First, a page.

Alex Oxlade-Chamberlain insists no England player holds a grudge against Gary Neville despite his often cutting criticism of them on television.
Despite only being on our screens for four years, Neville has earned a reputation as one of the most forensic and tough-talking pundits around.
The former Manchester United captain has spared no mercy when analysing the performances of the best players and teams in the Premier League.
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Some regard that as a conflict of interest because of his role within Roy Hodgson's coaching set-up, but Oxlade-Chamberlain believes the England players do not take the criticism to heart.
"He's my favourite pundit," the Arsenal and England midfielder said of Neville with a smile.
"When I watch Monday Night Football, I always want to listen to what he has to say and nine times out of 10 I agree with everything he does say.
"It's brilliant the way he explains things and he is very respectful.
"He's very honest - as he is when he is away with England - and there is nothing wrong with that.
"It's credit to him because obviously it could be a tricky situation where he's talking about our games on TV and then he comes to work with England, but he seems to do it without any of us holding a grudge against him."
Oxlade-Chamberlain refused to get involved in the fallout from Neville's brutal assessment of Arsene Wenger's transfer policy.
The former right-back said the Arsenal manager's failure to add a powerful central midfielder to his squad smacked of "arrogance" or "naivety".
Wenger, clearly unhappy, dismissed Neville's barb.
"I haven't seen that," Oxlade-Chamberlain said, borrowing one of his manager's favourite sayings when asked about the spat.
"I don't need to act as a peacemaker. I have heard that our manager has addressed that - I'm sure he addressed it in a very good way - but they are two people I highly respect."
Not only is Neville a highly-respected member of Hodgson's coaching staff, he is a popular one, too.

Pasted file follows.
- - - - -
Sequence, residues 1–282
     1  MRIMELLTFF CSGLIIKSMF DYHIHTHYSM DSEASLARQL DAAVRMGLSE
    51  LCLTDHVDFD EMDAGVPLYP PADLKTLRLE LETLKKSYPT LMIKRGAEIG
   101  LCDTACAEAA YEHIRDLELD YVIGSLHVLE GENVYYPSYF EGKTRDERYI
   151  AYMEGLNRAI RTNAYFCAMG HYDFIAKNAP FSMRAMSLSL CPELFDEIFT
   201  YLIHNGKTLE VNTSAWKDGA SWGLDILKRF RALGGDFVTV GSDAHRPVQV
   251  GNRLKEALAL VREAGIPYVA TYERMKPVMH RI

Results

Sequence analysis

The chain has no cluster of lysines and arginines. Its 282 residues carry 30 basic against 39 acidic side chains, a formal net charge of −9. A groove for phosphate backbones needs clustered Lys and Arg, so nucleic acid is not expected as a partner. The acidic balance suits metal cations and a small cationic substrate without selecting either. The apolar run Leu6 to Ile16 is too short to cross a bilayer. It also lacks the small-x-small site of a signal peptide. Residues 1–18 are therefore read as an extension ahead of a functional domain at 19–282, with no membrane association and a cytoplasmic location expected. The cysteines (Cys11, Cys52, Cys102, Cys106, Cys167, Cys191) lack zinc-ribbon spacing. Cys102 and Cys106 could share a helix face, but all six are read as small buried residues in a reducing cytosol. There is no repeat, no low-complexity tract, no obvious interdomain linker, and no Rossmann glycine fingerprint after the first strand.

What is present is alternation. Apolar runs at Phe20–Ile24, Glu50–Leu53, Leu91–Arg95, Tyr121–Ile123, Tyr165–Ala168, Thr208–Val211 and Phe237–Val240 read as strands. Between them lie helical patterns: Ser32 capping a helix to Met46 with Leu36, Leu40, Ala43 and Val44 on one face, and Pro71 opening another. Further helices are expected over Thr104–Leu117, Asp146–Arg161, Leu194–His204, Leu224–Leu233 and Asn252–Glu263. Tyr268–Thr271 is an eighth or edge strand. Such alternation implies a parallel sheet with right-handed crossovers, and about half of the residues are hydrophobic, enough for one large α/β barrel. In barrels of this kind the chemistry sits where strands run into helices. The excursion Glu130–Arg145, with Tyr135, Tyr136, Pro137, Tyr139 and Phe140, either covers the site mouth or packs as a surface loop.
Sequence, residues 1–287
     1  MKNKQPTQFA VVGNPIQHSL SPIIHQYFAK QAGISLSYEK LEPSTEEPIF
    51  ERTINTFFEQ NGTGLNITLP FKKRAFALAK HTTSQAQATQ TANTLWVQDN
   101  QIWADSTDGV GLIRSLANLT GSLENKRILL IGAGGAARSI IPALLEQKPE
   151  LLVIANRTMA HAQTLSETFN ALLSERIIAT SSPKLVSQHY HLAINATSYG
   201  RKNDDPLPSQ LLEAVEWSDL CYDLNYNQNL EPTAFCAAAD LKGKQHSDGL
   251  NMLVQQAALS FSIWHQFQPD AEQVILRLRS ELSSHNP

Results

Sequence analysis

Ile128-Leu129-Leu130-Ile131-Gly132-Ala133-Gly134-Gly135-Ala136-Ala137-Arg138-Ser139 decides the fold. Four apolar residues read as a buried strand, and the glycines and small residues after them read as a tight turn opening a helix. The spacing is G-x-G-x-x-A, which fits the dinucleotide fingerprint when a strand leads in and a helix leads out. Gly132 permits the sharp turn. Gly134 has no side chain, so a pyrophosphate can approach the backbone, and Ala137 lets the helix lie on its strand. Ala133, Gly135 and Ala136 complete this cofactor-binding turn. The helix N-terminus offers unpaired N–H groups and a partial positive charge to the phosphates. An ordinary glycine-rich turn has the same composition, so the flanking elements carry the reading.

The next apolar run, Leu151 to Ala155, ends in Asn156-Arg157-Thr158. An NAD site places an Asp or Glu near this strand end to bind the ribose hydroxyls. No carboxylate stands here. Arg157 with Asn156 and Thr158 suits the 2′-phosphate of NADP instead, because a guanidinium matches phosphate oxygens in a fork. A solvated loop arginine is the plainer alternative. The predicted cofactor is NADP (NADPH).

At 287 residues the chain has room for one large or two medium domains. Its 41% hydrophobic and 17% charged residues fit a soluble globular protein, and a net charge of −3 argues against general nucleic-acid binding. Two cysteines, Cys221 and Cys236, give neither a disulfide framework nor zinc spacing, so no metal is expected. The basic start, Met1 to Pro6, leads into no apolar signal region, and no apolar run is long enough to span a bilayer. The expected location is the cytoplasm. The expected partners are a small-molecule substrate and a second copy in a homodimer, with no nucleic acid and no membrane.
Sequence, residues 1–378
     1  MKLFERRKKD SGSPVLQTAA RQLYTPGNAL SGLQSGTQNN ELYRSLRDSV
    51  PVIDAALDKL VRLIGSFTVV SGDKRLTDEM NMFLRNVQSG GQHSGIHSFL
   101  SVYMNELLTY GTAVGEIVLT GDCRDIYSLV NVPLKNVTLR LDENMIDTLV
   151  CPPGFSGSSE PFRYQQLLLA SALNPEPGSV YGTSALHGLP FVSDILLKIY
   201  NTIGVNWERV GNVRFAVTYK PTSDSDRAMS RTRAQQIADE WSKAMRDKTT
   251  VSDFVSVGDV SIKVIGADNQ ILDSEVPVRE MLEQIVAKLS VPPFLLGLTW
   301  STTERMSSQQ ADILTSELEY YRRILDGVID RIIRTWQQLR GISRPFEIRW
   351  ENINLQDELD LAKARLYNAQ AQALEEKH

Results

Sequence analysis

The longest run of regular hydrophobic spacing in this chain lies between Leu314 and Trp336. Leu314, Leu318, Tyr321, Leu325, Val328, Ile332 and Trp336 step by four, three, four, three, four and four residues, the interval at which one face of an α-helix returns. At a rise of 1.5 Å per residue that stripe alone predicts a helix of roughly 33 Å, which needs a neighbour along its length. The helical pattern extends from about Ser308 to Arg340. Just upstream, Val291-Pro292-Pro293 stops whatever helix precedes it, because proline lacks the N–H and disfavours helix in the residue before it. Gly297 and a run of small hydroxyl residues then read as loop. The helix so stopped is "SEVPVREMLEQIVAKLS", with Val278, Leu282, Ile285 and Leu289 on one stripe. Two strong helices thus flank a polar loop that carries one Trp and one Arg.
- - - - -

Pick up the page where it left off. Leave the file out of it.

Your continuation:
Having played with several members of the squad, the 40-year-old provides the link between the players and Roy Hodgson and his assistant Ray Lewington.
Neville is often regarded as "one of the lads", according to Oxlade-Chamberlain, and even makes up the numbers in training.
"Sometimes when we are a player short he will fill in and he doesn't hold back at all," Oxlade-Chamberlain said.
"He's still got it. It's almost like he's trying to let Roy know he's ready to play. Last time, he might have pulled a muscle so I haven't seen him since then."
The training pitch banter aside, there is a serious side to Neville's role with England.
He gives presentations to the players on everything from match tactics to how to handle the media.
He is constantly looking for improvements within the set-up, living up to his nickname "busy" he used to have during his playing days at Manchester United.
FA staff members talk about Neville approaching them on away trips at breakfast to suggest improvements to their practices.
Oxlade-Chamberlain believes he has the potential to become a top manager.
"I'm sure he's very capable of doing that," the Arsenal midfielder said of Neville, who is the bookmakers' favourite to succeed Hodgson as England manager.
"But only he will know what he wants to do with his future.
"He brings a lot to the England team, he's nifty in our meetings and in analysing other teams and what he has to say in terms of coaching on the pitch is priceless.
"I'm sure he can go on and do whatever he wants."
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